Saturday, June 22, 2024
spot_img

Closely Watched Painter Cy Gavin Joined Gagosian Following Solo Debut with Gallery


CY GAVIN, “Untitled (Paths, crossing – blue),” 2022 (acrylic and vinyl on canvas, 86 x 136 inches (218.4 x 345.4 cm). | © Cy Gavin. Photo by Rob McKeever, Courtesy Gagosian

 

FOLLOWING HIS SOLO DEBUT with Gagosian in New York, Cy Gavin (b. 1985) is now represented globally by the gallery. Gavin produces large-scale landscapes infused with vibrant color. The dramatic abstracted paintings are inspired by his natural surroundings in Upstate New York.

A closely watched painter, Gavin hails from Pennsylvania. He presented his first solo show in New York in 2015 at Sargent’s Daughters. The gallery represented him at the time, while he was still pursuing his MFA. In 2016, he was an artist in residence at the Rubell Museum in Miami, Fla. The high profile opportunity was followed by solo shows at VNH Gallery in Paris (2018) and Gavin Brown’s enterprise in New York (2019). Last year, Gavin was featured in the 2022 Whitney Biennial.

In the April 13 representation announcement, Gagosian said, “Gavin paints metaphorical interpretations of sites that have been shaped over time by human intervention and geological or cosmic phenomena. Composed with fluid, gestural brushstrokes in striking colors, they are at times monumental in scale.”

Gagosian opened an exhibition of new paintings by Gavin in February. The show was organized by gallery director Antwaun Sargent and garnered a feature in the New York Times. The profile revealed that after Gavin moved from New York City to a farmhouse in the Hudson River Valley in 2016, he felt less than welcome.

“…[W]hen people drove by, calling him names or throwing garbage; when he spotted racist signs in backyards, such as ‘Cold Beer Matters’ (as opposed to Black Lives), Gavin realized he had no choice but to—literally—dig in,” Robin Pogrebin wrote in the Times.

“I refused to be intimidated,” Gavin told her. “I had to figure out how I was going to relate to the space, the land, which meant also confronting the energy outside of the house.”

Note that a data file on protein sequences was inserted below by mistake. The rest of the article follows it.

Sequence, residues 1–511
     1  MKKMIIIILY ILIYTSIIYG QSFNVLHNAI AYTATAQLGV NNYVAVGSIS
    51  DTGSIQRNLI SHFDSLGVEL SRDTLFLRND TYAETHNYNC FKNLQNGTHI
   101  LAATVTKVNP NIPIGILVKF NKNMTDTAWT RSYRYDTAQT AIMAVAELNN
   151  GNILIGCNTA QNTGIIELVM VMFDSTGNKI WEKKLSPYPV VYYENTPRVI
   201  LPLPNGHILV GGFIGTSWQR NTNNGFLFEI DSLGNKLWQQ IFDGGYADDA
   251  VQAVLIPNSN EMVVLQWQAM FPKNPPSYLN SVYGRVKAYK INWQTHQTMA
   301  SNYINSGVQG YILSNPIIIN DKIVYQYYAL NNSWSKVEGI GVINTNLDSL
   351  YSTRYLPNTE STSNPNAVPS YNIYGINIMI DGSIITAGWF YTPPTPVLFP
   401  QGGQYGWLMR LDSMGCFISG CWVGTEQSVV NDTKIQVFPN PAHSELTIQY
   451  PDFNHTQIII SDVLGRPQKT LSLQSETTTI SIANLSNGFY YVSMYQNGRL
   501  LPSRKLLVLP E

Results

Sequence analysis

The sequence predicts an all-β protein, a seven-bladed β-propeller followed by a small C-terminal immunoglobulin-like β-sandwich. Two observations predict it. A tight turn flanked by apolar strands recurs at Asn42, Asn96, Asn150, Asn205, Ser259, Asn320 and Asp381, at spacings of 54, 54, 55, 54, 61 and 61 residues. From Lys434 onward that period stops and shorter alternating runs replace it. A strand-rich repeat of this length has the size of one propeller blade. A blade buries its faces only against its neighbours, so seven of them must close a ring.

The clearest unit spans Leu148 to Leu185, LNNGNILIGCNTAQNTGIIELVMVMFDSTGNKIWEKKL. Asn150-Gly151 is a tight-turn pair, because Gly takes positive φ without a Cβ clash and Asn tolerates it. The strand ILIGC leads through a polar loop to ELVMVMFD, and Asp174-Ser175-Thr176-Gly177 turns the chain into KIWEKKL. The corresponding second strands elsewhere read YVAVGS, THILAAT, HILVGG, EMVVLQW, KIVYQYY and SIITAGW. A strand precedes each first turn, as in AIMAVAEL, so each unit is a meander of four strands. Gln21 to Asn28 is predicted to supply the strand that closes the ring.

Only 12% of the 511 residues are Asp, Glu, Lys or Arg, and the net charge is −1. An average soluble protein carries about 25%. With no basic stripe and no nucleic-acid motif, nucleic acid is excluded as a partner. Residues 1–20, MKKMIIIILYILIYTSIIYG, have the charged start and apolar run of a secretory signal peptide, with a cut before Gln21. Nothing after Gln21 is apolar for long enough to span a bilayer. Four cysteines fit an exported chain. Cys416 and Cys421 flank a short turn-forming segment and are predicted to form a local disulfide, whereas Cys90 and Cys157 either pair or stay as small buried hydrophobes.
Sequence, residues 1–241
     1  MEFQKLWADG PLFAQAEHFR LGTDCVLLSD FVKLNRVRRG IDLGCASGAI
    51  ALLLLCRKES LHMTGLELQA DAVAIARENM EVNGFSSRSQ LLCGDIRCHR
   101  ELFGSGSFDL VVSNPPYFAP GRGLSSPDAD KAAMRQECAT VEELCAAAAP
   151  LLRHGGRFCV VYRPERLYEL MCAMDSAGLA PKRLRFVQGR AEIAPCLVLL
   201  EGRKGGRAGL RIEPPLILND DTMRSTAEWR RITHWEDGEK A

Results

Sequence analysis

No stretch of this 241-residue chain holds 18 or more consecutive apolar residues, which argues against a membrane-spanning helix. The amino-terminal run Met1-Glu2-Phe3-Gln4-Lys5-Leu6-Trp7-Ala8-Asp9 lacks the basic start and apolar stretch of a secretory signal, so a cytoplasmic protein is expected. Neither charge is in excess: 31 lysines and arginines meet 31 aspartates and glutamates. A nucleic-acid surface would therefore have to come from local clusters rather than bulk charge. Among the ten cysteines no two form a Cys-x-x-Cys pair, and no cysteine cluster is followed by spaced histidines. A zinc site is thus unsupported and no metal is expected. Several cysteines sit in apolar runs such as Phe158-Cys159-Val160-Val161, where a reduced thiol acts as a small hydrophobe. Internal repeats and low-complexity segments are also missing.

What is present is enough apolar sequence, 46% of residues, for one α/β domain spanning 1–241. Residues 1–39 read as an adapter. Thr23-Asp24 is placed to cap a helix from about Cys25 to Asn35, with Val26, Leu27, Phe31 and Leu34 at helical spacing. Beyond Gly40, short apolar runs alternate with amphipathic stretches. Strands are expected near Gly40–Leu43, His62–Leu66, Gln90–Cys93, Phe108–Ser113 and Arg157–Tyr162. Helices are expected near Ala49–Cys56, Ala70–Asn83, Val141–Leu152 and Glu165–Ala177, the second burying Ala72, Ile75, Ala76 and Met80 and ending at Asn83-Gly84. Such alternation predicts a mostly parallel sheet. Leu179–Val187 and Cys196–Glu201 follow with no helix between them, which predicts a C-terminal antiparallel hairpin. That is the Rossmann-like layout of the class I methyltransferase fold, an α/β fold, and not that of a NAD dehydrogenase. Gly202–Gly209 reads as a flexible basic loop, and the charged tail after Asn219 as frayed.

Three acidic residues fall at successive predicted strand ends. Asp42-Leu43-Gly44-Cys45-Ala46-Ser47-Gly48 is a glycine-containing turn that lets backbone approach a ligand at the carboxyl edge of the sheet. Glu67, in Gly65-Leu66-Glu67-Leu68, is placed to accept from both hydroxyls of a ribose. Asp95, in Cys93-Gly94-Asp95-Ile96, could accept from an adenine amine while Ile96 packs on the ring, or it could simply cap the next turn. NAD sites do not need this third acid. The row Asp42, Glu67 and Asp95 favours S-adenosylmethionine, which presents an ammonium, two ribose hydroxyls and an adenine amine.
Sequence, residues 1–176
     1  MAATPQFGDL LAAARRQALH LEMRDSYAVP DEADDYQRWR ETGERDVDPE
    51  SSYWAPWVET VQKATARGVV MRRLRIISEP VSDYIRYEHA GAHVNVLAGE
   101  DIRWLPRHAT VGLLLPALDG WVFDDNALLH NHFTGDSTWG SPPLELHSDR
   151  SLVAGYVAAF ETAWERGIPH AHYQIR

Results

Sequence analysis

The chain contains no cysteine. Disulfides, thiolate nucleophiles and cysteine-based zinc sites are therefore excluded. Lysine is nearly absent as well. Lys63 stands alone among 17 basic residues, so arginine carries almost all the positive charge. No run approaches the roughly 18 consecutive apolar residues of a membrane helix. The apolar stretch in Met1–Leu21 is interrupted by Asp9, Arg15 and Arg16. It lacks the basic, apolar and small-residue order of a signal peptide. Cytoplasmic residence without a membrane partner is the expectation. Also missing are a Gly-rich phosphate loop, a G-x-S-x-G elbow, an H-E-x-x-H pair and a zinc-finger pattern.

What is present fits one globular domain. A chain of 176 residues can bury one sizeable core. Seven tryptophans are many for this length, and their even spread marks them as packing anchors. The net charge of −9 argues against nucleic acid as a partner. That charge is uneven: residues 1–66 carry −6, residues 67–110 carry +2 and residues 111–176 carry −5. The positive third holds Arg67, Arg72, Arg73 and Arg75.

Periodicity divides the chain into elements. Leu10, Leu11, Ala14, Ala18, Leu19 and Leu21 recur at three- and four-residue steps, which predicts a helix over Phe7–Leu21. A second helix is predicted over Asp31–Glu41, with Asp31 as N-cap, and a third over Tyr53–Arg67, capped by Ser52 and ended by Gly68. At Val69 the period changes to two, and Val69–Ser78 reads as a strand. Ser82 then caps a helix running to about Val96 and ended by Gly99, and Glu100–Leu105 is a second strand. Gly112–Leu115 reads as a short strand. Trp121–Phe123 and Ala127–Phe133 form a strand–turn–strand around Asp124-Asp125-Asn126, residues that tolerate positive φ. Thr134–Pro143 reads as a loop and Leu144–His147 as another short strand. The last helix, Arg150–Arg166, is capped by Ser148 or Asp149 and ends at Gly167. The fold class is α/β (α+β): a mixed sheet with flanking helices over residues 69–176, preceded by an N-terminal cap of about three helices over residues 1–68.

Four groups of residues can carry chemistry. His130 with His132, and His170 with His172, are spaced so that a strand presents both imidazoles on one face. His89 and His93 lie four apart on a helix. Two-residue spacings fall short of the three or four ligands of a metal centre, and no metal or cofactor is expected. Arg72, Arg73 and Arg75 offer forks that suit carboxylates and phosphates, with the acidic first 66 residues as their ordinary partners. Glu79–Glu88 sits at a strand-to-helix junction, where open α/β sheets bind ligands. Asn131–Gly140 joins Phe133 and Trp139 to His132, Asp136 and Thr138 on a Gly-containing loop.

The roots of his own biography and the culture and history of the lands and environs where the artist and his ancestors settled have been key motivators and prompts fueling his practice.

“Following the death of his father, he traveled in 2015 to his ancestral homeland of Bermuda to research his family’s genealogy and the island’s history,” the Gagosian announcement said. “The paintings he made during this period include depictions of Gibbet Island, Crow Lane, and Tucker’s Town—the latter being the site of an enclave of Black Bermudians that was destroyed in 1920 to create an exclusive golf resort. The works are marked by the legacies of enslavement, colonialism, and resistance, visualizing the creation and maintenance of similar power structures in the United States.”

 


CY GAVIN, “Untitled (Yellow pine),” 2023 (acrylic and vinyl on canvas, 89 x 78 1/2 inches / 226.1 x 199.4 cm). | © Cy Gavin. Photo by Rob McKeever, Courtesy Gagosian

 

BORN IN PITTSBURGH, PA., Gavin was raised in Donora, Pa., a steel mill town where a lethal smog crisis in 1948 gave rise to the U.S. clean air movement. After graduating from Carnegie Mellon University (2007), he earned an MFA from Columbia University (2016).

In 2018, Gavin participated in “Between the Waters,” a group show at the Whitney Museum of American Art in New York that featured artists “whose work responds to the precarious state of the environment through a personal lens.” His first solo museum exhibition was organized by the Aspen Art Museum in Colorado in 2021. Later that year, his work was on view at David Zwirner gallery in London.